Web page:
Privacy Considerations for Australian Organisations Engaging Offshore Workers

If you are considering engaging offshore workers, then it is important that you understand your privacy obligations if client or third-party personal information is being provided to the offshore workers.

Privacy Legal Summary and Obligations

In Australia, privacy is regulated by the Privacy Act 1988 (Cth) and the Australian Privacy Principles (Privacy Laws). These laws govern the collection, use, storage and disclosure of personal information by Australian entities. When sharing personal information with offshore parties, Australian organisations must ensure compliance with these laws, including obtaining proper consent and ensuring appropriate data security measures.

A breach of the Privacy Laws can lead to regulatory action (including the ability to seek enforceable undertakings from organisations that have breached the Privacy Laws) and penalties (which can be significant).

The Privacy Laws apply to Australian Government agencies and organisations with an annual turnover of more than $3 million, plus other specified entities including small business entities that have opted into the Privacy Laws or those which are related to an entity that is covered by the Privacy Laws (APP Entities).

While the Privacy Laws do not prohibit APP Entities from sending personal information overseas, if an APP Entity does disclose personal information to an overseas recipient, it can still be accountable for any actions of the overseas recipient that would breach the Privacy Laws.

Australian Privacy Principle 8

Australian Privacy Principle 8, specifically requires an Australian organisation to:

  • take reasonable steps to ensure the overseas recipient will not breach the APPs and the Australian organisation will be accountable for any such breach by the overseas recipient; or
  • alternatively:
    • make it known to the relevant individual that their personal information will not be protected by the APPs after the ‘disclosure’ to the overseas recipient and obtain the individual’s consent to the ‘disclosure’; or
    • form a reasonable belief that the overseas recipient is subject to laws substantially similar to the Privacy Laws.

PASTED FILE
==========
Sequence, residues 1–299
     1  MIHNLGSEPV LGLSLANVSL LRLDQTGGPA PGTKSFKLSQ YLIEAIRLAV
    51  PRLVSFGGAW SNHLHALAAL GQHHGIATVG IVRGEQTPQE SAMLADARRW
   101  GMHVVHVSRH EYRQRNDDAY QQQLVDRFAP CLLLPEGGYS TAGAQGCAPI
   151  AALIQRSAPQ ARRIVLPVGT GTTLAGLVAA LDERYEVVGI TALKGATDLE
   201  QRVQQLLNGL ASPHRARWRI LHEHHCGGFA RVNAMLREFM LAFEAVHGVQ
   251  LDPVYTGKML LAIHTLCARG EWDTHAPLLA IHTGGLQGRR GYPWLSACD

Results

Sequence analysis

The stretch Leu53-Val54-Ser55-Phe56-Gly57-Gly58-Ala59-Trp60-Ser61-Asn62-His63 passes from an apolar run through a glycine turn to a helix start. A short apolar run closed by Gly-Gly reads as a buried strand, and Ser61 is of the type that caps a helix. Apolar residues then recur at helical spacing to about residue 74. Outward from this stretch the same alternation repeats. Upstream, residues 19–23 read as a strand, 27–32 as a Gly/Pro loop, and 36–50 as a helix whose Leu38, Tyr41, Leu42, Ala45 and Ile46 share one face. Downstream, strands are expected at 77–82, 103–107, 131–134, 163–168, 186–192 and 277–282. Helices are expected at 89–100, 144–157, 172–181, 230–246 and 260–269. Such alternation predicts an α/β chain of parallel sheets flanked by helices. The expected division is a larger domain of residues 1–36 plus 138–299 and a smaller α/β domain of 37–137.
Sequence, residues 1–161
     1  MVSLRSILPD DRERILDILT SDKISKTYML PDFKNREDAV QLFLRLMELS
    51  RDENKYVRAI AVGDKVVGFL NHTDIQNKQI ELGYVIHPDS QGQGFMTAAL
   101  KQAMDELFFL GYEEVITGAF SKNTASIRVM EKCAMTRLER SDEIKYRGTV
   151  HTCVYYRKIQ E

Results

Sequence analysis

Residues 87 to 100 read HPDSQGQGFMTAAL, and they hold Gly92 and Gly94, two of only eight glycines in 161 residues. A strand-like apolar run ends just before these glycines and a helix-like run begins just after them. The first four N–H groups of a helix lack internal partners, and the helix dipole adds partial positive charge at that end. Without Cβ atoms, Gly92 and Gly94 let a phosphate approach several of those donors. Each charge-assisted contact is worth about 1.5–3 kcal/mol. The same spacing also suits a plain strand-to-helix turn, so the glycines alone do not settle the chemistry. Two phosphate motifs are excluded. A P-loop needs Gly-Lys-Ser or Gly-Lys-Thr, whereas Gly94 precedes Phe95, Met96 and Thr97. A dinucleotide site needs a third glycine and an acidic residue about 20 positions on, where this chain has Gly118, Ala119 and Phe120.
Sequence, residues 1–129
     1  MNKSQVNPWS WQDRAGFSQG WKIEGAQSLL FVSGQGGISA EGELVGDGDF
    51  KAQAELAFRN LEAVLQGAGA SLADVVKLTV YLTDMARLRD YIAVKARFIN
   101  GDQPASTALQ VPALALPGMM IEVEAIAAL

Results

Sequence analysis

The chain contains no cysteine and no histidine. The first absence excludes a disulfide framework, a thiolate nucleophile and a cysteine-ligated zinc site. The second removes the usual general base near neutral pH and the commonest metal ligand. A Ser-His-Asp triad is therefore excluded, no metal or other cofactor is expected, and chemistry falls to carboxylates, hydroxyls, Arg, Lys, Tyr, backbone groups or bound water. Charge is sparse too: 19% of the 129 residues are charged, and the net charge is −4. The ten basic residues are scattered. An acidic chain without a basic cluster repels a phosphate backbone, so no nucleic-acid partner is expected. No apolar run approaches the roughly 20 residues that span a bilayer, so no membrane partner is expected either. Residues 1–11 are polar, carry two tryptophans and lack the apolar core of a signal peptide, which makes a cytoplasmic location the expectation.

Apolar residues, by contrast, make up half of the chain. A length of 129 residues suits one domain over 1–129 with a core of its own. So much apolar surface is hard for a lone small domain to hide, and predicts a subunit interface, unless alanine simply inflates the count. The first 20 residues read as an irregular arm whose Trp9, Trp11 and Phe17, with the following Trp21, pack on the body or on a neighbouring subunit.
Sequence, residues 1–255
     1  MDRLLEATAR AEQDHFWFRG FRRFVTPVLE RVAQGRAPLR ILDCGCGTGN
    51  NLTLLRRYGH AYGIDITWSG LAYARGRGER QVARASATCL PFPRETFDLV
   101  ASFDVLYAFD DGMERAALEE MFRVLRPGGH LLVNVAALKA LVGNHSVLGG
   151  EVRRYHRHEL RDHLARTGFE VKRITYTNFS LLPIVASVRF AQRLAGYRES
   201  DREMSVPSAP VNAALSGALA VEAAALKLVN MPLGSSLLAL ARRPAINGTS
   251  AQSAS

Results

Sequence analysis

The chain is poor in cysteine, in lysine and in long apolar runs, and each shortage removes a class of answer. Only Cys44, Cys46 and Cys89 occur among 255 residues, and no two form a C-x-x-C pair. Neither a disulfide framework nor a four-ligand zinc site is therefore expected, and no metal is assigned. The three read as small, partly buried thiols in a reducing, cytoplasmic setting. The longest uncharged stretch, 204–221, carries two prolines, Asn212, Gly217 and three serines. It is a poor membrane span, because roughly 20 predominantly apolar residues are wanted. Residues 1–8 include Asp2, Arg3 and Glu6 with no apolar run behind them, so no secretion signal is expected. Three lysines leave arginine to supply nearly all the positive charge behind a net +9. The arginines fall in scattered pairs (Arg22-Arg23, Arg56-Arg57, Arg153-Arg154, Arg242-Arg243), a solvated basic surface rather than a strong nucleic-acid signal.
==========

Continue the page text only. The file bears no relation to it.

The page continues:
The New Act

There has also been recent focus on the privacy sector, following several high-profile cyber attacks, which has resulted in the enactment of the Privacy Legislation Amendment (Enforcement and Other Measures) Act 2022 (New Act). The New Act provides for higher and more significant penalties, particularly for serious or repeated infringements of the Privacy Laws and broader regulatory powers of the Australian Information Commissioner. Foreign companies that carry on a business in Australia will also be captured by the Privacy Laws in accordance with the New Act.

It is likely that the New Act will be followed by a series of other reforms that have been discussed in several political papers, which ought to be carefully monitored and complied with if such further reforms are enacted.

Additional regulatory requirements may apply to the personal data, depending upon the laws of the country in which the offshore company operates.

Practical Tips

If you are considering engaging offshore workers and will be providing them with personal information of clients or third-parties, then we suggest you consider implementing the following measures:

  • Prepare appropriate Privacy Policy and terms and conditions which comply with the Privacy Laws and disclose the outsourcing of the financial and personal details to the offshore company, and require the individual to consent to the Privacy Policy and terms and conditions upon the provision of the financial and personal details being submitted by the individual;
  • Train staff and the offshore contractors in the management and compliance with the Privacy Policy;
  • Negotiate an appropriate contract with the offshore company which provides warranties that the offshore company understands, and agrees to act in accordance with the Privacy Laws and your Privacy Policy, and includes appropriate indemnifications for failure to comply, including any losses or damages arising from penalties enforced against you as a result of any non-compliance;
  • Review the laws that govern privacy in the offshore company’s country to determine whether such laws are substantially similar to the Privacy Laws and whether any additional requirements need to be met;
  • Consider whether compliance by the offshore company ought to be closely monitored; and
  • Have proper cyber security practices and safeguards in place to minimise data breaches.

If you require any further information, or would like assistance implementing our practical tips, please contact us today.

Corporate and Commercial Lawyers for Sydney and Newcastle

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The information in this article is not legal advice and is intended to provide commentary and general information only. It should not be relied upon or used as a definitive or complete statement of the relevant law. You should obtain formal legal advice specific to your particular circumstance. Liability limited by a scheme approved under Professional Standards Legislation.

Solicitor Director
Accredited Specialist (Business Law)